A while back, a Vox Populi post saw a rash of upset comments about the Georgetown University Hospital’s role in the 2010 Campus Plan. Specifically, a Vox reader noticed that in the open letter Citizens’ Association of Georgetown President Jennifer Altemus (COL ’88) had sent to University President John DeGioia outlining the community’s concerns about the proposed Ten Year Plan, she had made this suggestion regarding the Georgetown University Hospital:
“Relocating the hospital to another site on the University campus accessed from Canal Road would avoid these objectionable impacts and also create a large space for the construction of new student housing.”
Subsequent student commenters were not pleased, and responses ranged from this:
“What an idiot. She actually suggesting moving the hospital? I had thought the association was comprised of slightly cranky but generally reasonable non-student residents, but not actual extremists. The author is a true fool.”
“Jennifer Altemus deserves every bad thing that ever happens to her in her life.”
But Altemus’s suggestion that the University move the Hospital did not come out of nowhere. Vox is guessing that her comments derive from the fact that plans to build an entirely new Hospital facility really are part of Georgetown’s 2010 Campus Plan. Only, construction of a new facility isn’t going to free up any room for more student housing, because the current Hospital facilities don’t seem to be going anywhere.
Read more after the jump, plus some seriously nasty e-mails between a Georgetown alum and the CAG Vice President about the Hospital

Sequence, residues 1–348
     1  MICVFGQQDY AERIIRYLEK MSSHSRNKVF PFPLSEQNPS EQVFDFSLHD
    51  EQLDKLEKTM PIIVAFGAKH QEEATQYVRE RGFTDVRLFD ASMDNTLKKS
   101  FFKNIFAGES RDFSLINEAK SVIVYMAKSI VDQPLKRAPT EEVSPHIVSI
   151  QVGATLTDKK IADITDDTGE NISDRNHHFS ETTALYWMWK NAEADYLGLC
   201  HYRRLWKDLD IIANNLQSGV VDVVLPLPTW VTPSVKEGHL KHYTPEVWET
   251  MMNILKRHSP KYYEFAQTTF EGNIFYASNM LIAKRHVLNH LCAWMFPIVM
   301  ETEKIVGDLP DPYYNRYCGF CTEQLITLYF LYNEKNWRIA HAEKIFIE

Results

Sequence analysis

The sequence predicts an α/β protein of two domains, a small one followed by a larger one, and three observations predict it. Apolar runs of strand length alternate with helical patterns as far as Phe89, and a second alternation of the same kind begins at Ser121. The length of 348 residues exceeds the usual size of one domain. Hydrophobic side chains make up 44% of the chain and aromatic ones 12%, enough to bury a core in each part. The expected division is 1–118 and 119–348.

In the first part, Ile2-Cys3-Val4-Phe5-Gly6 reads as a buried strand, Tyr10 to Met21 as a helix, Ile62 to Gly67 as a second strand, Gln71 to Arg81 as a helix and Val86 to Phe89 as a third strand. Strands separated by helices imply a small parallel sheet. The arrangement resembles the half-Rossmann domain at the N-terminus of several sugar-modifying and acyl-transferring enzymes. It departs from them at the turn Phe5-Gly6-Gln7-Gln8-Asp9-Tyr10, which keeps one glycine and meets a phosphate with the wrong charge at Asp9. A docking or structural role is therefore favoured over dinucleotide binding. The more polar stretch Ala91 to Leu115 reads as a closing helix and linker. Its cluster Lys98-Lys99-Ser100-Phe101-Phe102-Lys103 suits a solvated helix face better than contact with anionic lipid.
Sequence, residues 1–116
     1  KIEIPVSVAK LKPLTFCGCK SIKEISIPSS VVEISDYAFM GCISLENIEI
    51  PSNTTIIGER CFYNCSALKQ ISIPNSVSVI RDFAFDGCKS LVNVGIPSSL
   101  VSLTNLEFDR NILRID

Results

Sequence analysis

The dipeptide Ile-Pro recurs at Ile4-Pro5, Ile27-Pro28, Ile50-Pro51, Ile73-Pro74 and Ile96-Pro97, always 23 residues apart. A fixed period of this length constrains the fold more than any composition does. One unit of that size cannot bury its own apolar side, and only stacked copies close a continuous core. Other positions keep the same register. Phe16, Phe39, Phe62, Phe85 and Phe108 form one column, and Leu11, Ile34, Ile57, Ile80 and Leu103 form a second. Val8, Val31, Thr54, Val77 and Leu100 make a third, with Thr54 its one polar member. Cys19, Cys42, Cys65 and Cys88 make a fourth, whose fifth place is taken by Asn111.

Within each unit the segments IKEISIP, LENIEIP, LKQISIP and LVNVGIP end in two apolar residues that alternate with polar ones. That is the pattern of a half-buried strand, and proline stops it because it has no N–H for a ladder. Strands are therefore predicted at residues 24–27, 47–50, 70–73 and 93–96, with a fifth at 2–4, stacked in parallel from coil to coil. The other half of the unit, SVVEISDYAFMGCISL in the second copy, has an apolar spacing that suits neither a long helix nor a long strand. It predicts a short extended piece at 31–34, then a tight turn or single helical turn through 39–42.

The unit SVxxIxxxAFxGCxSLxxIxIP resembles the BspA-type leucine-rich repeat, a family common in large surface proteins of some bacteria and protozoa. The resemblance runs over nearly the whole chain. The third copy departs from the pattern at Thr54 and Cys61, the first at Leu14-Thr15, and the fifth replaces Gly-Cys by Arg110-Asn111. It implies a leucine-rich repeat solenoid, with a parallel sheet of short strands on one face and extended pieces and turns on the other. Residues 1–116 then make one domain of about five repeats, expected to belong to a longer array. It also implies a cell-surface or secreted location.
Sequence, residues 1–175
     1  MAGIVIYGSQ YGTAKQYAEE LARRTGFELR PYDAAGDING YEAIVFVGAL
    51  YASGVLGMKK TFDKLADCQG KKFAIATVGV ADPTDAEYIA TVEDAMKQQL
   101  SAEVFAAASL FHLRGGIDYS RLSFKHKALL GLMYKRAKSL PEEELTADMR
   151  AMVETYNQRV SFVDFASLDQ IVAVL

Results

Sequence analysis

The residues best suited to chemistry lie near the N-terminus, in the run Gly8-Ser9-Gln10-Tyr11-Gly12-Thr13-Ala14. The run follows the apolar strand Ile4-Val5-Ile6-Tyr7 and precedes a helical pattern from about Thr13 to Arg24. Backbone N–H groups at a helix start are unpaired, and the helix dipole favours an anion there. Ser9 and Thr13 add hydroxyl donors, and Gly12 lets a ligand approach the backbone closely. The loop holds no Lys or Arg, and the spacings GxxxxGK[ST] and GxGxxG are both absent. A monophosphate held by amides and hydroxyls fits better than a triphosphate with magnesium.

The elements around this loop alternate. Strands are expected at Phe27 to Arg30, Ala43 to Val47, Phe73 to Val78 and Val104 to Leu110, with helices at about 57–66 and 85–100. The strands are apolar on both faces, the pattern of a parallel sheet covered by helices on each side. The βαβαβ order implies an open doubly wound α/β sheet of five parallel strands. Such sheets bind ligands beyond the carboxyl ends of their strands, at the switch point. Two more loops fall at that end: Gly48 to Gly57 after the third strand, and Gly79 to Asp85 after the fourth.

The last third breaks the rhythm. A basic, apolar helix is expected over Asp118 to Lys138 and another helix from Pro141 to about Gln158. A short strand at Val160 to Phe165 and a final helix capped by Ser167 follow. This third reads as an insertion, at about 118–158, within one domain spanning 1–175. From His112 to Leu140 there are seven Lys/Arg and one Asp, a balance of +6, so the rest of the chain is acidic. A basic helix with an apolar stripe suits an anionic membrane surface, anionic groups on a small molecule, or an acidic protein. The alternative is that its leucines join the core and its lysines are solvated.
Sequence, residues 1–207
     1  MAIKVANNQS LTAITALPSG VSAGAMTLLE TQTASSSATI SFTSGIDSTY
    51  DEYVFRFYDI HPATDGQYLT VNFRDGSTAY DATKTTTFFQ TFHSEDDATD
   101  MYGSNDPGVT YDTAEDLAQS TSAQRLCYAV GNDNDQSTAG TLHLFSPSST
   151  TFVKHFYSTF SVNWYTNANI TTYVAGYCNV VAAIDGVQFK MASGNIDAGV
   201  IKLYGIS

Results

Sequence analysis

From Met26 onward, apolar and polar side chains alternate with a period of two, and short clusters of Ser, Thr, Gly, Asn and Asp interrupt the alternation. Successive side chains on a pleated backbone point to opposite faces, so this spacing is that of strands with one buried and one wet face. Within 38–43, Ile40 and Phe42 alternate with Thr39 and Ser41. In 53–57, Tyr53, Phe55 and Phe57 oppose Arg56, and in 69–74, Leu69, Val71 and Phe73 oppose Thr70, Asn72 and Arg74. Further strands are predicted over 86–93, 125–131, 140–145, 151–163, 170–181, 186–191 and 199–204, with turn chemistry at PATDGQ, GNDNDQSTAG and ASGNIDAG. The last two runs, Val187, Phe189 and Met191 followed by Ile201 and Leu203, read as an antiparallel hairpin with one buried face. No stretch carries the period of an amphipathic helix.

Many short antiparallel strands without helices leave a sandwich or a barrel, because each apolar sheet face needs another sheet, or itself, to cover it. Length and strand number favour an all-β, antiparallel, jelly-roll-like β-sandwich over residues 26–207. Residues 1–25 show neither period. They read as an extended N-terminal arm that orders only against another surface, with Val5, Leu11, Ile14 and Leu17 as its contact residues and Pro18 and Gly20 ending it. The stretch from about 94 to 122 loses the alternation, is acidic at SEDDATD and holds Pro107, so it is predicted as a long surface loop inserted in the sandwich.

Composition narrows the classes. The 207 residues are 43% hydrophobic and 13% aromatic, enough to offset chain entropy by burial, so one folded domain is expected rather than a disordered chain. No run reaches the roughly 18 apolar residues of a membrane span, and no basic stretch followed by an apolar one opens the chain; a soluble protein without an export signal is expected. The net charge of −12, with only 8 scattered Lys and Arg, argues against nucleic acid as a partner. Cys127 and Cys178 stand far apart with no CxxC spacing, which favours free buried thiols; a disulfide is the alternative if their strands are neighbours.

Spokesperson for the University Hospital Marianne Worley contacted employees of MedStar, the non-profit company that owns the facilities, to get the details about the hospital element of the Ten Year Plan. In an e-mail, she wrote that MedStar had agreed to the University proposal that they build “an additional facility” on the current hospital parking lot and the site of the Kober Cogan Building, which would be torn down.
Above, a technical drawing from the November draft of the 2010 Campus Plan (pdf) shows where the new construction would take place—on the parking lot in from of Darnall Hall.
So it looks like Altemus was half-right in her recollection of the University’s plans, although I’m sure neighbors will be disappointed to learn that for now, Georgetown is just constructing more buildings, and not tearing down old ones.
A few weeks later, though, Altemus’s suggestions caused a thread of downright choleric e-mails between Georgetown alum Joseph Corcoran and Altemus’s Vice President at CAG, Gianluca Pivato.
It started with an e-mail from Corcoran, the alum:
Dear Sir or Madam,
I recently moved from the Georgetown neighborhood in Washington to London. I thoroughly enjoyed my time in the area, though agree with your organization’s assessment that some students, particularly on weekend nights, are often disrespectful of their community.
However, I was shocked to read the following from your leadership in a recent public letter: